Wildflowers

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Wildflowers are easy maintenance and affordable

Having your lawn cut by professionals gets expensive for even mid-sized properties. Additional expenses such as fertilizer, grub infestation treatments, leaf blowing, and other issues make lawn care look more like a waste of money than a benefit.

 

If you decide to handle lawn chores yourself, expect to spend weekends mowing and edging. When it rains on Saturday and Sunday, you may have to add hours to your workday or risk the grass growing out of control. Homeowners like their green lawns that mirror those of neighbors. But the truth few people talk about is that it’s a vast and expensive hassle.

Are Wildflower Meadows More Cost-Effective? Yes, at Tn Nursery

Transitioning to a lush, colorful wildflower meadow comes with some upfront costs. Property owners will be tasked with either removing an existing lawn or tiling it over and raked. If you are already a weekend DIY lawn care person, You can usually rent commercial-grade tillers at a reasonable cost. You’ll likely invest one day turning over the front yard and another raking out the old grass.

 

Of course, a landscaping professional can also handle this job as a one-time expense. In all likelihood, they are tilling and cleaning cost less than a season of professional lawn maintenance. After the land has been prepared, ordering perennial plants presents another one-time purchase. The good news about these wildflowers is they spread and flourish without additional year-over-year expenses.

 

Hardy perennial plants require only minimal watering and almost no ongoing maintenance. Property owners usually cut the wildflower meadow back to ground level with a weed whacker of mower once before winter arrives. In essence, the modest upfront costs are more than offset by decades of not spending a nickel on lawns.

How To Choose Flowering Perennials For Your Meadow

 The decision about plant varieties depends largely on viability and preference. Some people like to integrate native grasses and sedges with flowering perennials. Others may decide to go all-in on flowering plants that paint the landscape with color. The following are guidelines experienced gardeners typically employ.

  • Limit Plant Varieties: Keeping the number of flowering perennials and native grasses to 5-7 produces desirable results. People who prefer consistent greenery may choose to blend 65 percent of the front yard with grasses against 35 percent wildflowers. This strategy provides even color. But the exact opposite may also work. Weighting the area with 65 percent perennials that bloom throughout the warm weather delivers enhanced color.
  • Biodiversity Matters: Choosing plants that can succeed in your climate and soil conditions places some minor limits on your choices. That being said, how quickly species spread and their compatibility with others in the wildflower meadow may have long-term implications.
  • Plant Density: Although wildflowers expand their footprint rapidly, newly-minted meadows require starter plants placed relatively close together. This strategy prevents weeds from infiltrating the space and minimizes the need for second-year labor. Keep in mind. You only need to buy flowering perennials and native grasses once.
  • Timing Blooms: Wildflowers produce flowers at different times of the year. When making your selection, consider early bloomers that usher in springs as well as varieties that re-bloom from late spring through fall. Maximizing the ongoing color scheme of your wildflower meadow proves rewarding.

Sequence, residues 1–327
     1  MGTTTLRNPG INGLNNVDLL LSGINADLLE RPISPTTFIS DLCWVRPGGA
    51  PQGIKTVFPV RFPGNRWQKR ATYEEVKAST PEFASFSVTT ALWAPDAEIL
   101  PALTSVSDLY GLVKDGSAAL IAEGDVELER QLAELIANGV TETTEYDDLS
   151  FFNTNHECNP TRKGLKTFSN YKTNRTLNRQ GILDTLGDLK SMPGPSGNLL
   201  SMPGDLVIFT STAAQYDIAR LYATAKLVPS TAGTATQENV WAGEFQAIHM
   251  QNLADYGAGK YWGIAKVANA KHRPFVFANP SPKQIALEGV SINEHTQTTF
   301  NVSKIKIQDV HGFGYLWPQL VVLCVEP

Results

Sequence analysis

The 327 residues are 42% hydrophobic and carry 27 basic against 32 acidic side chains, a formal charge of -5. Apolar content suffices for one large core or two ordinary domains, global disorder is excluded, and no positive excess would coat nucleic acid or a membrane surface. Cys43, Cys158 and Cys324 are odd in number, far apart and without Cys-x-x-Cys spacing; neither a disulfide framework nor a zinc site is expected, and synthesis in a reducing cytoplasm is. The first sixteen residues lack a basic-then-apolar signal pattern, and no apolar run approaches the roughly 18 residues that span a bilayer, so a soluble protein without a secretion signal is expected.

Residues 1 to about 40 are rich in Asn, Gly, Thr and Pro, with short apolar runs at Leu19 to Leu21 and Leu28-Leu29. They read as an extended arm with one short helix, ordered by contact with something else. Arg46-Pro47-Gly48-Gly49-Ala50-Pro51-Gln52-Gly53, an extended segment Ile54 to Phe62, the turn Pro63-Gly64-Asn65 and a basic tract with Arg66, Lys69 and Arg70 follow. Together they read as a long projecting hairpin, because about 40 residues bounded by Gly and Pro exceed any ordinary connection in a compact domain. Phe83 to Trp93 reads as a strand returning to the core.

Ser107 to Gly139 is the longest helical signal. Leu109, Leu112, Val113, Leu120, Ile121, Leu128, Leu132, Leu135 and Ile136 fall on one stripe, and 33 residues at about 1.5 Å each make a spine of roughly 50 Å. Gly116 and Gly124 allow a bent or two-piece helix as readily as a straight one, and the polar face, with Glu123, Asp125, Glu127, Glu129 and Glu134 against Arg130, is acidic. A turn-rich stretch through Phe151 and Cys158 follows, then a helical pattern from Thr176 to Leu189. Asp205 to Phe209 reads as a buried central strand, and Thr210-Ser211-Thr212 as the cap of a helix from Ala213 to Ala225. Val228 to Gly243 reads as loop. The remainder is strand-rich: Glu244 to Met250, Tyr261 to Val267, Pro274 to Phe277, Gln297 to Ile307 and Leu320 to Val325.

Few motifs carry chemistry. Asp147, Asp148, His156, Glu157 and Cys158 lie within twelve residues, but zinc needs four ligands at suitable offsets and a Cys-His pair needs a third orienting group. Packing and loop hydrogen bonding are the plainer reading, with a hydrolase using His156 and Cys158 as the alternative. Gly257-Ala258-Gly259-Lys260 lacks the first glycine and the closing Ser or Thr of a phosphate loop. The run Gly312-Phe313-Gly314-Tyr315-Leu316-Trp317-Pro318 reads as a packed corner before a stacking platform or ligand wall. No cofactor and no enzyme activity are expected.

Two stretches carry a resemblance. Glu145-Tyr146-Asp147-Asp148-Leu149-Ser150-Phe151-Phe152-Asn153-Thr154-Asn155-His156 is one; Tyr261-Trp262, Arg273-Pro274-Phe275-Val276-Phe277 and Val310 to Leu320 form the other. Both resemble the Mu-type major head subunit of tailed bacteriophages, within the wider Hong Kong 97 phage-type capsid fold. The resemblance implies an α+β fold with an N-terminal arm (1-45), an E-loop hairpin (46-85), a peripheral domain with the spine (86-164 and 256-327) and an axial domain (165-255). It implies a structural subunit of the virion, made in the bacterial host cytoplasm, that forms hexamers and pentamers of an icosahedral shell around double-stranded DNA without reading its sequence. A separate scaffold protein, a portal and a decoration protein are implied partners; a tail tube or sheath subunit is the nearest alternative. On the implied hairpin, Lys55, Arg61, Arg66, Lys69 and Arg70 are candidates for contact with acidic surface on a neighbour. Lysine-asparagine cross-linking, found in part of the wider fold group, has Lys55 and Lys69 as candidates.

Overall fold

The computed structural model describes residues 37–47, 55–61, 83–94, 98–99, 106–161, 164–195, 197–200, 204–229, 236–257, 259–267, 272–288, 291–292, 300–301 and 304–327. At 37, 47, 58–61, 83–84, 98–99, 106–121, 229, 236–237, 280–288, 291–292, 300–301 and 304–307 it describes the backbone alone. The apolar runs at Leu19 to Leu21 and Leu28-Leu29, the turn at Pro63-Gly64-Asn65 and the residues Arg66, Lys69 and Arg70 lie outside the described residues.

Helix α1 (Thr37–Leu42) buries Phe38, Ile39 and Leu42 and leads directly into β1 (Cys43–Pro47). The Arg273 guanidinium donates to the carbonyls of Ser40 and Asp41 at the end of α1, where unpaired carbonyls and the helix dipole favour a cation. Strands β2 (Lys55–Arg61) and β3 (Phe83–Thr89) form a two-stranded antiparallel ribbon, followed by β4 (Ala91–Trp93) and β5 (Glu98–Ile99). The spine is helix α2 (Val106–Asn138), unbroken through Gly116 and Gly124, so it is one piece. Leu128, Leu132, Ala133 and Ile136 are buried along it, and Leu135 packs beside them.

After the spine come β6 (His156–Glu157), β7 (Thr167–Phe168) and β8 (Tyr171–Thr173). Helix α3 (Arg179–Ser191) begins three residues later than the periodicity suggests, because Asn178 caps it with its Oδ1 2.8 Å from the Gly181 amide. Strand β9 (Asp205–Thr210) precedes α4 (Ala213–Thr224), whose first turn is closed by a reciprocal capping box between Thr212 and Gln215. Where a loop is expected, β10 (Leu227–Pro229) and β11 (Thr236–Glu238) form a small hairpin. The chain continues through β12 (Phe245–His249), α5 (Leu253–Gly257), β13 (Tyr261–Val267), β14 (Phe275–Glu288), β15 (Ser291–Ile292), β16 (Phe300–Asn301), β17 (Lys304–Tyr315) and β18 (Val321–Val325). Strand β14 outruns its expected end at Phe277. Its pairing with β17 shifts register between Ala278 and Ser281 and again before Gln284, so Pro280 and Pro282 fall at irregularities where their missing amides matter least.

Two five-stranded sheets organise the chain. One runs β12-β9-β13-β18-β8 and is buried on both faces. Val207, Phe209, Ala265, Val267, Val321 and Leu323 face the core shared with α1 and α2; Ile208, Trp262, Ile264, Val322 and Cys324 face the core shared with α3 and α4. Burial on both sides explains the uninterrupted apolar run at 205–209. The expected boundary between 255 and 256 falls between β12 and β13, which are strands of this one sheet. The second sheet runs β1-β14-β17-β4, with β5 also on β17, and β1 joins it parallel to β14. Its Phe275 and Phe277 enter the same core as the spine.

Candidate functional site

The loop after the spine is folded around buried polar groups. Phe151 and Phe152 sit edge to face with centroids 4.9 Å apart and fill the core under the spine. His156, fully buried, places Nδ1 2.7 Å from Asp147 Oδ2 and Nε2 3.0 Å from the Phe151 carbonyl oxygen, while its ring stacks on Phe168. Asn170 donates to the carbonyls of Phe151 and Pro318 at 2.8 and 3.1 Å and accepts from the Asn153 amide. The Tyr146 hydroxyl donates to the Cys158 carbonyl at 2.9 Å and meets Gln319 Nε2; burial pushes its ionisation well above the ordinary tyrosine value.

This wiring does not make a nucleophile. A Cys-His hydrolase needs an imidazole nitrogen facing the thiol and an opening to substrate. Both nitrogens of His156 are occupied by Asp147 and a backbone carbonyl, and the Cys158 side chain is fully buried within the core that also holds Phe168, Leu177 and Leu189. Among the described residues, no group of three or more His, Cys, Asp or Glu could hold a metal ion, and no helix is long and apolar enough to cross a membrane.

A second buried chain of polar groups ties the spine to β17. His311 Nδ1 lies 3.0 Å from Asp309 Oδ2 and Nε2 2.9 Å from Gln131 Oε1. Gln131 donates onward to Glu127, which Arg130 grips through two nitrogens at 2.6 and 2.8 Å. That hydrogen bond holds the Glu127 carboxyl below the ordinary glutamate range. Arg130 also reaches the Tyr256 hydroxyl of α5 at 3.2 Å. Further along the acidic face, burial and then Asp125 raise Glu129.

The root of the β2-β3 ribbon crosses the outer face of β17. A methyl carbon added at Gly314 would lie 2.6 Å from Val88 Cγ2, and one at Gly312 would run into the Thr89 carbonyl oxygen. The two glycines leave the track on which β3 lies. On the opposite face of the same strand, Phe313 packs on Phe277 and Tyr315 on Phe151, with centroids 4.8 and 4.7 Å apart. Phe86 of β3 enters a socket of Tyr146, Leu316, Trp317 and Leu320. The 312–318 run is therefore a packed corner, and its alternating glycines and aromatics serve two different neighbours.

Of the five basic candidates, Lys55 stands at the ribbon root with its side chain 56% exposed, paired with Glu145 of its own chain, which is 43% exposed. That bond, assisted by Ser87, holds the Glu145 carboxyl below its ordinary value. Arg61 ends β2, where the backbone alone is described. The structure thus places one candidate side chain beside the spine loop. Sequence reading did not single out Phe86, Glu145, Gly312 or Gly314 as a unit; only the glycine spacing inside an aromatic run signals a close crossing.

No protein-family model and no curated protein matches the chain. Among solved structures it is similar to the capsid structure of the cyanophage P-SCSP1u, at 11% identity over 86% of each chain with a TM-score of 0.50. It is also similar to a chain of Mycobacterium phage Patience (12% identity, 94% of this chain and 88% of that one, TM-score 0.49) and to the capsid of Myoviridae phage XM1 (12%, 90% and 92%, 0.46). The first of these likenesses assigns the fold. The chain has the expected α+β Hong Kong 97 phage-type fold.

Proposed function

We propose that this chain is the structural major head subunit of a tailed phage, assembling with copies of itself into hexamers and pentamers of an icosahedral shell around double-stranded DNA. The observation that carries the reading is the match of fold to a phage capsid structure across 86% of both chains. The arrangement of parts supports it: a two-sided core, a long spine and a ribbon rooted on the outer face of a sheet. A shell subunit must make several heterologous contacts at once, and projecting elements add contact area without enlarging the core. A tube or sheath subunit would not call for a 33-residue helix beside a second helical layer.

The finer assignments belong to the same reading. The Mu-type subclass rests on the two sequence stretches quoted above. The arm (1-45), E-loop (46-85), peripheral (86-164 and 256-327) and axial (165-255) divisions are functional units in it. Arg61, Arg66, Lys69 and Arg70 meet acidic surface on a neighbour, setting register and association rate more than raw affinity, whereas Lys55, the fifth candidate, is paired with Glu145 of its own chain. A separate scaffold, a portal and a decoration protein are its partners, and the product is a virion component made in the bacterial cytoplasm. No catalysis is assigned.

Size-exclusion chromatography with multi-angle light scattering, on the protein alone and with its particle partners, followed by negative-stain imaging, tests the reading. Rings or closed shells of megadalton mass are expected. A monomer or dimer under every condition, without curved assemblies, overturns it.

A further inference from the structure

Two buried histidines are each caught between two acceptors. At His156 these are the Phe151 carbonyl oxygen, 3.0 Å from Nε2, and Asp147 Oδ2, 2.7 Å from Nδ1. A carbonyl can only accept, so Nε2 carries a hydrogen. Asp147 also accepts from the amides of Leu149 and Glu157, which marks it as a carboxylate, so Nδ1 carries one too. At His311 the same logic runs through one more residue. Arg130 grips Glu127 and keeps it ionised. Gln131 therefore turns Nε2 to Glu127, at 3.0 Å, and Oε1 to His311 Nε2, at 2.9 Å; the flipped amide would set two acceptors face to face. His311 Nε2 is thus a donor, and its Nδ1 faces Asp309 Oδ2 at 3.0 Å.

It may be worthwhile to map out the landscape on paper when transforming your passive lawn into a wildflower meadow. Consider creating a plot map with squares and marking each with the flower’s color. This approach may not provide a one-to-one representation, but it offers a visual to mull over and tweak before planting.

Perennial Plants & Native Grasses For A Wildflower Meadow

A vibrant wildflower meadow balances colorful blooms and a green foundation. That’s why gardening enthusiasts often favor perennials that re-bloom throughout the warm weather. These rank among the popular grasses and wildflowers for front yards meadows.

  • Appalachian Sedge: This native grass produces 12- to 18-inch leaves and an equal spread. It drapes dramatically while only maturing to 6 inches tall.
  • Pennsylvania Sedge: This native grass thrives in shaded areas and offers property owners an asset that infuses green into low-sun areas.
  • Daisy: The bright white petals with golden centers pop in any perennial garden. This hardy variety thrives in full sun. Daisies usually increase their footprint year-over-year and can overrun passive neighbors.
  • Black-Eyed Susan: This fast-spreading perennial produces yellow-gold petals' dark centers and reaches three feet. It ranks among the most reliable, long-blooming assets.
  • Daffodil: This early spring perennial offers only early yellow blooms. However, it can enrich a wildflower meadow with low green growth from spring through fall.
  • Daylilies: These tall flowering perennials add eye-catching reds and oranges to a landscape. They mature to upwards of four feet and typically spread two feet.

Although these plants rank among the more popular options, any variety that can succeed in your front yard remains on the table. Property owners who re-imagine their lawns into lush wildflower meadows enjoy excellent returns on investments in terms of reduced cost, curbside appeal, and the ability to relax instead of gassing up the mower.

We hope our TN Nursery reviews about landscaping possibilities and plant use prove helpful. If you consider transforming your front yard into a wildflower meadow, we offer a complete inventory of native grasses and perennial plants. Contact our TN nursery to place an order or answer any questions about wildflowers.

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